From Denis to Dardenne, the 19 films competing against Italy – Cinema

Twenty-one films in competition between emigration, family stories, religious fundamentalism, Korean mountains and wrong marriages. In short, a small part of the whole is what the nineteen films in the running at the Cannes Film Festival (17-28 May) against the two Italians tell: NOSTALGIA by Matteo Garrone and LE OTTO MONTAGNE by Van Groeningen and Charlotte Vandermeersch. Here in a nutshell the plots of the nineteen films.

THE STARS AT NOON by Claire Denis based on the 1986 novel of the same name by Denis Johnson is a romantic thriller set in Nicaragua amidst violence and political unrest. Here Taron Egerton, an employee of a shady British oil company, meets a troubled journalist (Margaret Qualley) in a hotel bar.

UN PETIT FRÈRE by Léonor Serraille stars Rose, a woman of Ivorian origin who arrives in France in the 1980s and moves to the Parisian suburbs with her two children, Jean and Ernest. From there she began her difficult work of integration up to the present day.

SHOWING UP by Kelly Reichardt instead tells the story of a sculptor (Michelle Williams), grappling with the preparation of her new exhibition, which should mark a turning point for her artistic career. In the meantime, however, she is also forced to manage the daily dramas of her family and her friends. It is the fourth time that Williams and Reichardt have worked together.

CRIMES OF THE FUTURE by David Cronenberg with Léa Seydoux, Kristen Stewart and Viggo Mortensen, a sci-fi thriller that sees the Canadian director revisit the genres of science fiction and body horror absent from his filmography since the days of eXistenZ.

CLOSE by Lukas Dhont. 13-year-old Leo and Remi have always been incredibly close, but they drift apart after their relationship is questioned by school friends. When a tragedy strikes them, one is forced to confront why he has distanced himself from his closest friend.

TORI ET LOKITA by Luc and Jean-Pierre Dardenne. Belgium today.
A young boy and a teenager traveled alone from Africa to escape the cruel conditions in which they were forced. Life in exile will not be easy, they will have to rely on their invisible friendship.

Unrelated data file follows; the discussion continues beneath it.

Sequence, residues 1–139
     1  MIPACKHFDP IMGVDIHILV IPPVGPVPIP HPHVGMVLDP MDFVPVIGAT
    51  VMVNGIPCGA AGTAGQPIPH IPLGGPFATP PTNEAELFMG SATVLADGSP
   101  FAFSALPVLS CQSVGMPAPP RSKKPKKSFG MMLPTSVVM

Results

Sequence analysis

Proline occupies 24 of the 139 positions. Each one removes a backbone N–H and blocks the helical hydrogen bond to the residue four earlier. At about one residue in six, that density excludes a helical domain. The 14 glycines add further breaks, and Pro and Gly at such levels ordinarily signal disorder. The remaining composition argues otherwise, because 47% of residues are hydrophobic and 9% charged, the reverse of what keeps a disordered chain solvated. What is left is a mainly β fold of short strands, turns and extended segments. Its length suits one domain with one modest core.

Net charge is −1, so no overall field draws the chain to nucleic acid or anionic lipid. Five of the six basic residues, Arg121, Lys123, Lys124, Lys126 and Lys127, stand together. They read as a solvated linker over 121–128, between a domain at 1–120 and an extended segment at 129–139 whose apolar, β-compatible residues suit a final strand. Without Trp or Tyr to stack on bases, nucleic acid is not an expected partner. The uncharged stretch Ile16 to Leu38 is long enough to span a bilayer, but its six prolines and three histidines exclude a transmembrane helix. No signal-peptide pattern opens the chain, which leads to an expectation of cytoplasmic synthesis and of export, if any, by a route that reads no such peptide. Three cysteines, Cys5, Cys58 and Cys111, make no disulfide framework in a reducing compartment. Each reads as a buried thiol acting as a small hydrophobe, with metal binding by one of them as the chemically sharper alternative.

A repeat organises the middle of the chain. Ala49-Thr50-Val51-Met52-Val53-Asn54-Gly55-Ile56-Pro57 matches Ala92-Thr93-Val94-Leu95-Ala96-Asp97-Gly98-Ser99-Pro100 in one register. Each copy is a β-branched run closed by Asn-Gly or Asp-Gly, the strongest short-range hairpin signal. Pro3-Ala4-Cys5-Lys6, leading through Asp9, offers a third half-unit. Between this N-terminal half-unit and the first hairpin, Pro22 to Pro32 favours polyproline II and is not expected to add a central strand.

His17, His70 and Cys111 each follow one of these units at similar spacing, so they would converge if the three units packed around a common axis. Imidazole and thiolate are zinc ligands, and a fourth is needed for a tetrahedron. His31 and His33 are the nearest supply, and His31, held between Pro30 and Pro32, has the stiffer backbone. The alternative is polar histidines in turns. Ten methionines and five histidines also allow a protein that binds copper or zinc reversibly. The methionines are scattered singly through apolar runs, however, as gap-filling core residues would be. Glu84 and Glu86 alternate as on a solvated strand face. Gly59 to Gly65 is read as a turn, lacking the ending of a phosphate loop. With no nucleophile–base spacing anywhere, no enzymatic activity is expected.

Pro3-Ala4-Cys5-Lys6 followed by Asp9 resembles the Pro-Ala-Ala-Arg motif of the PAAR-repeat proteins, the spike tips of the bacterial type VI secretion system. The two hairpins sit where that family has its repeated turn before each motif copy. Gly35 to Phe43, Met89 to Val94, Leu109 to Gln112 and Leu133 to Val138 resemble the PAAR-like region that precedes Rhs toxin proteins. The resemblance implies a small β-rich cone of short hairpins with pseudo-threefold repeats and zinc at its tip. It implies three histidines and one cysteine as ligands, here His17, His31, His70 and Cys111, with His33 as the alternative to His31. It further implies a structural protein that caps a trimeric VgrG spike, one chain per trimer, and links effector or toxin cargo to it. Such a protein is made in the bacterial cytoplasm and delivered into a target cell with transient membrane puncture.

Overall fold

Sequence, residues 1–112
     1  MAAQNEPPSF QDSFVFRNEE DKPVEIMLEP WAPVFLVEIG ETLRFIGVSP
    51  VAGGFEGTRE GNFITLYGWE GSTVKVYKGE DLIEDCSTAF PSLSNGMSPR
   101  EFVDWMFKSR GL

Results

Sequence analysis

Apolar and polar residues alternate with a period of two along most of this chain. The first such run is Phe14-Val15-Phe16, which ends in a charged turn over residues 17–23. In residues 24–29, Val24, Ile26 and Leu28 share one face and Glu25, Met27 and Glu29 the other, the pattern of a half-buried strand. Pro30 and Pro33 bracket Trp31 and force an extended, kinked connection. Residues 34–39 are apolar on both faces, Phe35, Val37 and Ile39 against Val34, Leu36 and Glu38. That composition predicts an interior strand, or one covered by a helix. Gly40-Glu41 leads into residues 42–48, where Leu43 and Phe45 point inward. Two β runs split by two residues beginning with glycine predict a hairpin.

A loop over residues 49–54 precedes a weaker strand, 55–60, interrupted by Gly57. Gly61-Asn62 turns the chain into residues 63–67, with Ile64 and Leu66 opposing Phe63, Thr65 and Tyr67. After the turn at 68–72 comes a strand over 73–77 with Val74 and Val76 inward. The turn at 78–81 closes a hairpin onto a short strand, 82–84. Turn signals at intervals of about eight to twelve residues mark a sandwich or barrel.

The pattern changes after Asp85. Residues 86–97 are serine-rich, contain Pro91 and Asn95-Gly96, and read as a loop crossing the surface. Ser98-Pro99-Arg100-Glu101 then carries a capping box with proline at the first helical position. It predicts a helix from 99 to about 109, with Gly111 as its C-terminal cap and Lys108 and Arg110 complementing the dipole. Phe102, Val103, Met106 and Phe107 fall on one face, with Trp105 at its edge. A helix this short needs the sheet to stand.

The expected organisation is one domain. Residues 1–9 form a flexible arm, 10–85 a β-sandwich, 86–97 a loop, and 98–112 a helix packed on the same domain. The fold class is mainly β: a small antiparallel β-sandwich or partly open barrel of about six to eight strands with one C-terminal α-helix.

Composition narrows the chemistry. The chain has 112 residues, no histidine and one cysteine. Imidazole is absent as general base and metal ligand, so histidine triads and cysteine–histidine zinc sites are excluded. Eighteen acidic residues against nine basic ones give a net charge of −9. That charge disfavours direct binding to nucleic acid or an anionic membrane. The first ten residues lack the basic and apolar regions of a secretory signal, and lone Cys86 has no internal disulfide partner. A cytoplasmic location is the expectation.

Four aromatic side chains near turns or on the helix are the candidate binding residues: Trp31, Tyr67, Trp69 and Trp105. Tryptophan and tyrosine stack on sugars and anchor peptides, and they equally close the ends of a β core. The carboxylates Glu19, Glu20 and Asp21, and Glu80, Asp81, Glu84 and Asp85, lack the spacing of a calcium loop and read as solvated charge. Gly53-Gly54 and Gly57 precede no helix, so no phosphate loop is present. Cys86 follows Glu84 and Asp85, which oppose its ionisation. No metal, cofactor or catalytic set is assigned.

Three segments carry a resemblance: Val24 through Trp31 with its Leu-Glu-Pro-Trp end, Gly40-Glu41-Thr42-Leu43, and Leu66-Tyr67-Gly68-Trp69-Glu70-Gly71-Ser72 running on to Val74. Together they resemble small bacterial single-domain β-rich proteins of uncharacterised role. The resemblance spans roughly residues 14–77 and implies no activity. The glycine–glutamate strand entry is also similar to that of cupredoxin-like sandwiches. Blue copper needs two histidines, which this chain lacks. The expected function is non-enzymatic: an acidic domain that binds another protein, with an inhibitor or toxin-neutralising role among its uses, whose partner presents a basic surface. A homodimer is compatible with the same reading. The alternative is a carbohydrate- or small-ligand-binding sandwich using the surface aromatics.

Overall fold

BOY FROM HEAVEN by Egyptian-born Swedish director Tarik Saleh is a political thriller that takes place at a prestigious religious university in Cairo. After the summer holidays, the great imam dies in front of his students. It is the beginning of a merciless battle to take his place.

HOLY SPIDER by Ali Abbasi tells of a family man, Saeed, who as a religious quest chooses to “cleanse” the holy Iranian city of Mashhad of immoral and corrupt street prostitutes. After killing several women he is desperate for arousing so little interest in his divine mission.

TOURMENT SUR LES × LES Albert Serra. On an island of Tahiti, in French Polynesia, the Haut-Commissaire, representative of the French state, catches the anger of the locals when there are rumors of a submarine that would announce the resumption of nuclear tests.

ARMAGEDDON TIME by James Gray with Anne Hathaway and Anthony Hopkins is a coming-of-age tale inspired by the director’s life in the pre-Reagan United States, specifically in the borough of Queens, New York.

FRÈRE ET SOEUR by Arnaud Desplechin played by Marion Cotillard tells the story of a brother, teacher and poet, and an actress sister, who after twenty years of no contact meet again when their parents die.

EO by Polish director Jerzy Skolimowski is a contemporary adaptation of Robert Bresson’s Au Hasard Balthazar, in which the life of a simple donkey was a means of exploring human kindness and ingratitude.

Park Chan-wook’s DECISION TO LEAVE follows the story of Detective Hae Jun who, while investigating a mysterious death in the Korean mountains, meets the victim’s widow, prime suspect in the murder, and begins to have mixed feelings for her.

In Hirokazu Kore’eda’s BROKER, a self-proclaimed “broker of good deeds” finds a family to an abandoned baby in a box, but he and his partner are joined by the child’s single mother, regretting her choice, and two agents of police.

TCHAIKOVSKY’S WIFE by Russian director Kirill Serebrennikov tells the tumultuous relationship between Pyotr Cajkovskji, the most famous Russian composer of all time, and his wife Antonina Miliukova whom he married and immediately abandoned.

Cristian Mungiu’s RMN, and produced by the Dardenne, follows Matthias, who returns to his native multi-ethnic mountain village in Transylvania. When the local factory hires foreign workers, impulses and resentments emerge and the veneer of peace in the community is destroyed.

LEILA’S BROTHERS by Iranian Saeed Roustayi has as its protagonist the forty-year-old Leila who has always taken care of her parents and her four brothers. The family is crushed by debts: the woman has a plan to save them from poverty, but her father is hiding something from him.

TRIANGLE OF SADNESS by Ruben Ostlund, Palme d’Or for THE SQUARE, is set on a sinking luxury cruise ship. A model couple on board. Third part of a trilogy about being male in our time.

LES AMANDIERS by Valeria Bruni Tedeschi takes us back to the 80s. Here the 20-year-olds Stella, Etienne and Adèle have just passed the entrance exam for the prestigious theater school founded by Patrice Chéreau and Pierre Romans. Together, they face their first loves, but also their first tragedies.

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About David Martin

David Martin is the lead editor for Spark Chronicles. David has been working as a freelance journalist.

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